Our next anomaly is the accruals anomaly. Investors favor companies with low accruals (the non-cash portion of earnings) because cash earnings are thought to be more valuable and persistent. This is why analysts estimate the “persistent portion of earnings” when they disaggregate GAAP earnings-per-share (EPS). Researchers have found that there is a negative relationship between high accruals and stock returns. The accruals anomaly is the practice of this relationship, where a portfolio would hold long positions in firms with very low accruals and short positions in firms with very high accruals. What is fascinating about this anomaly is that since its discovery over 50 years ago, both the magnitude and presence have not diminished, despite institutional arbitragers trading on the information. The reasons for this are twofold. First, trading on the accruals anomaly often involves investing in companies from which institutional investors are barred, due to their legal responsibilities to investors and certain unfavorable firm characteristics. However, the second impediment is the massive amount of analysis time the strategy incurs. A study by Lev and Nissim estimated that individual investors would have to periodically (quarterly) analyze the accruals of at least a few hundred firms to find the 50-60 high accruals firms necessary to profit from the accruals anomaly. So, while this would be costly both in terms of transaction costs and time, any investor could arbitrage this strategy.
The last anomaly is the Beta Anomaly, which has important investing lessons regardless of arbitrage strategy. Scott Murray, a researcher at Georgia State, analyzed stock returns from 1963 to 2012 and showed that high-risk stock portfolios generate about the same return as low-risk stock portfolios. This disagrees directly with the efficient market hypothesis because investors demand higher return for higher risk. If a stock has a high beta (high risk), we expect it to have a higher return, using CAPM theories. However, Murray et al. found that high risk stocks tend to be viewed by investors as “lottery tickets”, increasing the demand for them (and thus the price). If an investor used a naïve approach to these stocks, the timing of the purchase generally lowers their overall return to a low-risk return, despite the higher risk they are bearing. However, the researchers found that the anomaly was eliminated when they constructed their low and high risk portfolios with the same proportion of lottery stocks. So, in addition to the lessons on high risk portfolios and timing, the researchers also found that “lottery stocks” had very low institutional ownership, meaning that small investors were driving the demand (and thus the price). This is a behavioral bias that normal investors must actively work to overcome for the sake of their returns.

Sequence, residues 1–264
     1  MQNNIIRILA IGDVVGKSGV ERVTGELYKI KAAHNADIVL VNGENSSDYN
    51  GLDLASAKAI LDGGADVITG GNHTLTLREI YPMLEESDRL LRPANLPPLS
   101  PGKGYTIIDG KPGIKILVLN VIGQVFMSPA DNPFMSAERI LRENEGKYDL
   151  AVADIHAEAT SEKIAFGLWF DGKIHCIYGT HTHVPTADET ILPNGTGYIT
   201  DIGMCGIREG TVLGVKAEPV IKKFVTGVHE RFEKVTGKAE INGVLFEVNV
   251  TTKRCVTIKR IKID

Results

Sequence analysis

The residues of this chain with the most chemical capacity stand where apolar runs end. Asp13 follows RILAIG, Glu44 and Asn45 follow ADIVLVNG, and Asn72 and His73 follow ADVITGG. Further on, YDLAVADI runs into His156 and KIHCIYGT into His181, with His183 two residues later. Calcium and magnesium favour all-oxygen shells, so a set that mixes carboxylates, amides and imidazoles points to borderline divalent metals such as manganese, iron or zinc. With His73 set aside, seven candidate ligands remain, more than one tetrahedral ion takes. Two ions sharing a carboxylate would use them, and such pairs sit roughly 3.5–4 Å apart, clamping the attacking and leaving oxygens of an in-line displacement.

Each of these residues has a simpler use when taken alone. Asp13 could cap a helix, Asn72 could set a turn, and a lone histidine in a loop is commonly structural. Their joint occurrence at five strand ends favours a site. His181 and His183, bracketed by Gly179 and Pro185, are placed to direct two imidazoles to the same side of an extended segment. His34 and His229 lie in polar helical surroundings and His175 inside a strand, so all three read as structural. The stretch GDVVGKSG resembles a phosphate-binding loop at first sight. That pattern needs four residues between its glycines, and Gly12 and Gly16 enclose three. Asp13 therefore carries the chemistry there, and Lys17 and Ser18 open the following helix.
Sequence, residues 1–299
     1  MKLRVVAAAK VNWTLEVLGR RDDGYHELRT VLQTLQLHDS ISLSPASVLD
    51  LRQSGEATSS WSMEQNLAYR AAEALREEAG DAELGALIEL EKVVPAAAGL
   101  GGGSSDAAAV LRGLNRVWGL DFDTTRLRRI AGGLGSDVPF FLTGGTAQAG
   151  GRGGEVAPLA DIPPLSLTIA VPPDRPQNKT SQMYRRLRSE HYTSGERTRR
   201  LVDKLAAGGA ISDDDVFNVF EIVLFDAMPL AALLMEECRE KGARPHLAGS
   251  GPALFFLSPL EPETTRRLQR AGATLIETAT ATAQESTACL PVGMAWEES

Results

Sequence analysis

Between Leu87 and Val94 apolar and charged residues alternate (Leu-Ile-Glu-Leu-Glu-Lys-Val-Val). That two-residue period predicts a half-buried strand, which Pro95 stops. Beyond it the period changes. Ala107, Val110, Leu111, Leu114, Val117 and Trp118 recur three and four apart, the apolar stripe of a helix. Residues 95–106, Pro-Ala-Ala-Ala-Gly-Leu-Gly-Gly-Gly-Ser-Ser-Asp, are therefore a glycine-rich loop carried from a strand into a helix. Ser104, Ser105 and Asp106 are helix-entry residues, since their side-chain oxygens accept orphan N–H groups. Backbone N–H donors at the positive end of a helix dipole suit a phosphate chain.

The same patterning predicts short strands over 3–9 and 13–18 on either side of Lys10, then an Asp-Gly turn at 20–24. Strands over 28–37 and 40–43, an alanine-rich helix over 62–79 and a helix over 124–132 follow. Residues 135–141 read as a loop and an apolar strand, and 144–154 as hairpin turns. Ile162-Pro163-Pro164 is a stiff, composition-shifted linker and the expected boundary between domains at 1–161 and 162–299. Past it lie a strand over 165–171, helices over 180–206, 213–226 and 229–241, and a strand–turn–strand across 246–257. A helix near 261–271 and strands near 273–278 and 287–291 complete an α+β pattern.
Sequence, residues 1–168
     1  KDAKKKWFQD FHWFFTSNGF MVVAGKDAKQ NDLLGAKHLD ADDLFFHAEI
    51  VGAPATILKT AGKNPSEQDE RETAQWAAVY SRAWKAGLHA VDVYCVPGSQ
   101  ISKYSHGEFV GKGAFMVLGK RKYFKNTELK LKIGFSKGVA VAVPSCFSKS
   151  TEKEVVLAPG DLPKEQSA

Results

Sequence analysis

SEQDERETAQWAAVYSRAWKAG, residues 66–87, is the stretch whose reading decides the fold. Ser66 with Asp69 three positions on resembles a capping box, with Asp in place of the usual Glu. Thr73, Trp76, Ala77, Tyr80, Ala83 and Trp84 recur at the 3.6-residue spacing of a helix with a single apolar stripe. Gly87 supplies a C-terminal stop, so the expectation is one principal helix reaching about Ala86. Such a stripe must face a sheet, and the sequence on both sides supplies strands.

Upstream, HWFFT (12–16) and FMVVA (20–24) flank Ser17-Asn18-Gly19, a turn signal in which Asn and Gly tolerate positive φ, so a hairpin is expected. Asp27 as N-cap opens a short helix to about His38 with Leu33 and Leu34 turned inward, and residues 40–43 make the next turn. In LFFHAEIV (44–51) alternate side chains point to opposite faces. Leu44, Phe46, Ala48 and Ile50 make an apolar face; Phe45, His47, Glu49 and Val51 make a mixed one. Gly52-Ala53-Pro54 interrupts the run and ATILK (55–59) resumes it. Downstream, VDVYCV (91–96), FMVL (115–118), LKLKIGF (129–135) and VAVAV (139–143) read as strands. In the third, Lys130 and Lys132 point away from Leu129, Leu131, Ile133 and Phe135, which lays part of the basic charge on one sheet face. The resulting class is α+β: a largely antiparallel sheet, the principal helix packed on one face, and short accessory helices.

Bali, Turan G, et al. “A Lottery Demand-Based Explanation of the Beta Anomaly.” Journal of Financial and Quantitative Analysis, 13 Mar. 2014, poseidon01.ssrn.com/delivery.php?ID=471009102086027124067106005066094123061037004077091082097072004101007117124114108091001009026029106125054080121099112118084077024034037055050079127025088014076101008029054039095030072113021085021014098100092071067076126092030110088083022101092082096088&EXT=pdf.
Griffin, Carroll Howard. “Abnormal Returns and Stock Splits: The Decimalized vs. Fractional System of Stock Price Quotes.” International Journal of Business & Management, Dec. 2010, www.ccsenet.org/journal/index.php/ijbm/article/viewFile/6989/6286.
Jegadeesh, Narasimhan, and Sheridan Titman. “Returns to Buying Winners and Selling Losers: Implications for Stock Market Efficiency.” Freshwater Biology, Wiley/Blackwell (10.1111), 30 Apr. 2012, onlinelibrary.wiley.com/doi/abs/10.1111/j.1540-6261.1993.tb04702.x.
Lev, Baruch, and Doron Nissim. “The Persistence of the Accruals Anomaly .” Contemporary Accounting Research, Columbia University, www.columbia.edu/~dn75/The Persistence of the Accruals Anomaly.pdf.
Lochstoer, Lars A, and Paul C Tetlock. What Drives Anomaly Returns? Columbia Business School, May 2016, www0.gsb.columbia.edu/faculty/ptetlock/papers/Lochstoer_Tetlock_May16_What_Drives_Anomaly_Returns.pdf.
“Momentum Effect in Stocks.” Quantpedia, quantpedia.com/Screener/Details/14.
Murray, Scott. “High Risk, High Return? Maybe Not: The Stock Market’s Beta Anomaly.” Georgia State University News Hub, 22 May 2018, news.gsu.edu/2018/05/23/stock-market-beta-anomaly/.